Former resources and energy minister Martin Ferguson went into lobbying for that sector after retiring from politics.
When even the most senior politicians go on to work as lobbyists, it can profoundly undermine democracy.
Labor senator Sam Dastyari has faced questions over his decision to accept money from a Chinese company to cover travel expenses.
What is meant by a 'foreign' political donation? And why should such donations be better regulated?
A minister of religion is not obliged to solemnise any marriage.
Ministers of religion who support marriage equality would be able to challenge the Marriage Act in the High Court. They would stand a good chance of winning.
The plebiscite on whether Australia should legalise same-sex marriage is constitutionally unnecessary.
It's the plebiscite Australia doesn't have to have. But if the plebiscite on marriage equality goes ahead, how should it be designed?
Malcolm Turnbull has called for nationally consistent laws to enable convicted terrorists to be detained at the end of their prison sentence.
A post-sentence regime for convicted terrorists will only keep Australians safe if an accurate assessment of risk is possible.
In just four swipes on the interface of your phone, another person can access a wealth of your personal information.
In what circumstances can police search your phone? Must they obtain a search warrant? And what will happen if you refuse to provide your passcode or fingerprint required to access your phone?
Pauline Hanson’s One Nation Party is seen as the favourite to secure the final WA Senate position.
One Nation candidate Rod Culleton could win Western Australia's final Senate position, but Section 44 of the Constitution suggests he is ineligible to take his seat.
Most people against recognising Aboriginal customary law think there’s only one law in Australia.
Few in Australia understand the context and true meaning of customary law. Denials of its validity are often based on ignorance or on specific examples devoid of context.
Families going through breakdown need understanding, but so do lawmakers trying to find fair outcomes from complex laws.
Adding to the trauma of a relationship breaking down, families can find themselves caught in a tangle of state and commonwealth laws.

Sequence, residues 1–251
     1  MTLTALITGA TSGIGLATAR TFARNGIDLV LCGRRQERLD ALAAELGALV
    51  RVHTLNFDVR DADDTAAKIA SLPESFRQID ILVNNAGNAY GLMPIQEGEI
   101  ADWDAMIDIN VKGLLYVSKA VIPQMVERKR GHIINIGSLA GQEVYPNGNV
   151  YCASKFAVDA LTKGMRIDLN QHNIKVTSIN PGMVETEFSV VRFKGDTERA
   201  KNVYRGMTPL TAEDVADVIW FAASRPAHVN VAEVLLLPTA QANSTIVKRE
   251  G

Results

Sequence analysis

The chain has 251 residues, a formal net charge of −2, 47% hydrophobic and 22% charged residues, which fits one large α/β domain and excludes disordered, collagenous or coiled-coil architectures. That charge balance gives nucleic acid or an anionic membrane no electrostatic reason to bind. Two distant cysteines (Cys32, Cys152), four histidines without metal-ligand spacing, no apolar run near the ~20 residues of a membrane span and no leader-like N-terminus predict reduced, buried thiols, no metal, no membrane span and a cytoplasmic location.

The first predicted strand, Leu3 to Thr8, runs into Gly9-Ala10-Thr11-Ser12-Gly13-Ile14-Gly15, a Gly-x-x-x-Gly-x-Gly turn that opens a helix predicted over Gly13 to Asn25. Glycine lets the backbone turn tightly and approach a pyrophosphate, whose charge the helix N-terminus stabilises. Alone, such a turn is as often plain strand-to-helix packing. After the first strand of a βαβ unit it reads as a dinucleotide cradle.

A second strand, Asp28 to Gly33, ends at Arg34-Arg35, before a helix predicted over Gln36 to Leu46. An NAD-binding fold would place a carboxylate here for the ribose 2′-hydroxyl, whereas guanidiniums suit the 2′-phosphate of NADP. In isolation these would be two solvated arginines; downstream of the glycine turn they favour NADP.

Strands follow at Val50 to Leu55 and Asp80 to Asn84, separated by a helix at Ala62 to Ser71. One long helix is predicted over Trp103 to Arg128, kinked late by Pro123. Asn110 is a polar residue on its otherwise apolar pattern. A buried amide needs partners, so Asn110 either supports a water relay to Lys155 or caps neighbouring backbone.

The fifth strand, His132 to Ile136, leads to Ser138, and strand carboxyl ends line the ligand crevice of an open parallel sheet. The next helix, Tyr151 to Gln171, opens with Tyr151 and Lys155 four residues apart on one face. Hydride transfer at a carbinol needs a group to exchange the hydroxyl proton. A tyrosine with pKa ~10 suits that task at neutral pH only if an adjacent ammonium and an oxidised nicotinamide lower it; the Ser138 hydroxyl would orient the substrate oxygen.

Involving the media seems to send the message of how unpleasant the AFP can make life for people who challenge the government.
None of the politicians are talking about it, but threats to freedom of speech have emerged in three different guises in the first three weeks of the election campaign. First there was the assailing of…
Informed critique of the courts and their work is essential to the proper functioning of a democracy.
A "judicial activist", it seems, decides cases in favour of a preferred (non-“mainstream”) litigant or interest, to reach a result that is inconsistent with a conservative worldview.
The royal commission’s report should be viewed as only the start of the necessary transformation of Victoria’s family violence system.
The royal commission's recommendations seek a complete transformation of Victorian family violence services, and the state’s prevention of and response to family violence.
The NSW Electoral Commission’s withholding of public funding to the NSW Liberal Party may yet again imperil Arthur Sinodinos.
What does the latest donations scandal enveloping the NSW Liberal Party say about the trajectory of political finance regulation and enforcement?
Determining how far a person can lawfully go in protecting themselves in a home invasion requires consideration of complex legal issues.
By requiring that a person acting in self-defence must act genuinely and reasonably, Australian states and territories appropriately balance self-defence against vigilantism.
Malcolm Turnbull has taken a series of steps to clear the path to a double-dissolution election.
After many weeks of speculation, the government has laid down the challenge for the Senate and smoothed the path for a double-dissolution election.
Many asylum seekers need the safety net of complementary protection to save them from torture or persecution.
If passed, a new migration bill could mean that a person at risk of torture from the Syrian government would have to prove that they could not have gone to a part of Syria controlled by Islamic State.
The majority of people at risk of forced marriage are under 18 and female.
While some progress has been made in reducing instances of forced marriage in Australia, more needs to be done.
It is for George Brandis to decide whether and how to audit Commonwealth laws for justifiable encroachments on common law rights.
The Australian Law Reform Commission has given George Brandis a report that does all that it reasonably could, while falling well short of what it was asked to do.
A plebiscite on legalising same-sex marriage is bad policy that ought to be revisited.
Australian parliaments routinely legislate in respect of socially contentious issues without resorting to plebiscites or referenda.
The High Court is unlikely to be sympathetic to claims of discrimination against the microparties in the proposed Senate reforms.
A suggested constitutional challenge to the Senate reforms through the High Court is unlikely to succeed.